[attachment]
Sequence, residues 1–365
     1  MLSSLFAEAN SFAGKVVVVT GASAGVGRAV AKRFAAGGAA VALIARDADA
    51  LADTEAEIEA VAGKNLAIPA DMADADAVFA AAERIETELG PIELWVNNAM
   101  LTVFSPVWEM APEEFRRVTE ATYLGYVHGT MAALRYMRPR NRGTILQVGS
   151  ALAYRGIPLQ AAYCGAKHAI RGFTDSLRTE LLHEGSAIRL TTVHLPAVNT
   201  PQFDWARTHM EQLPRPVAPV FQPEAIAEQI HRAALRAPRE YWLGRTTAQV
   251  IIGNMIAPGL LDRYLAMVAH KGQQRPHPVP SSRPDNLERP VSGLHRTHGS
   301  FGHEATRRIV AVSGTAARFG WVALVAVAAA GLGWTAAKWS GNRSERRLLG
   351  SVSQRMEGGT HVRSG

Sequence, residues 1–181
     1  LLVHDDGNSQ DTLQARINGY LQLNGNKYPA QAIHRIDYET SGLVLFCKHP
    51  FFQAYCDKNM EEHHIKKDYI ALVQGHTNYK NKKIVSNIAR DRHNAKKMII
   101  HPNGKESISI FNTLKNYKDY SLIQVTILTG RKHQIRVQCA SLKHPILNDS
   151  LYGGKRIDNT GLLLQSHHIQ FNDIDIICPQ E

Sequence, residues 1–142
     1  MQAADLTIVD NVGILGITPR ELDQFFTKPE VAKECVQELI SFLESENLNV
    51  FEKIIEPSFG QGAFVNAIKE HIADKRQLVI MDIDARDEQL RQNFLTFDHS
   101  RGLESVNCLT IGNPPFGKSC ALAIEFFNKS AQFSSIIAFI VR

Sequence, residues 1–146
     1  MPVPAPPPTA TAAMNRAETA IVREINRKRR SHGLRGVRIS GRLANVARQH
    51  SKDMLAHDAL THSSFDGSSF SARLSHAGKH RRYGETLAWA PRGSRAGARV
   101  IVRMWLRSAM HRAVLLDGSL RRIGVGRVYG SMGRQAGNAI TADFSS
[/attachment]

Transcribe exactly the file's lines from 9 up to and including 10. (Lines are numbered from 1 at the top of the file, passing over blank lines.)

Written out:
   351  SVSQRMEGGT HVRSG

Sequence, residues 1–181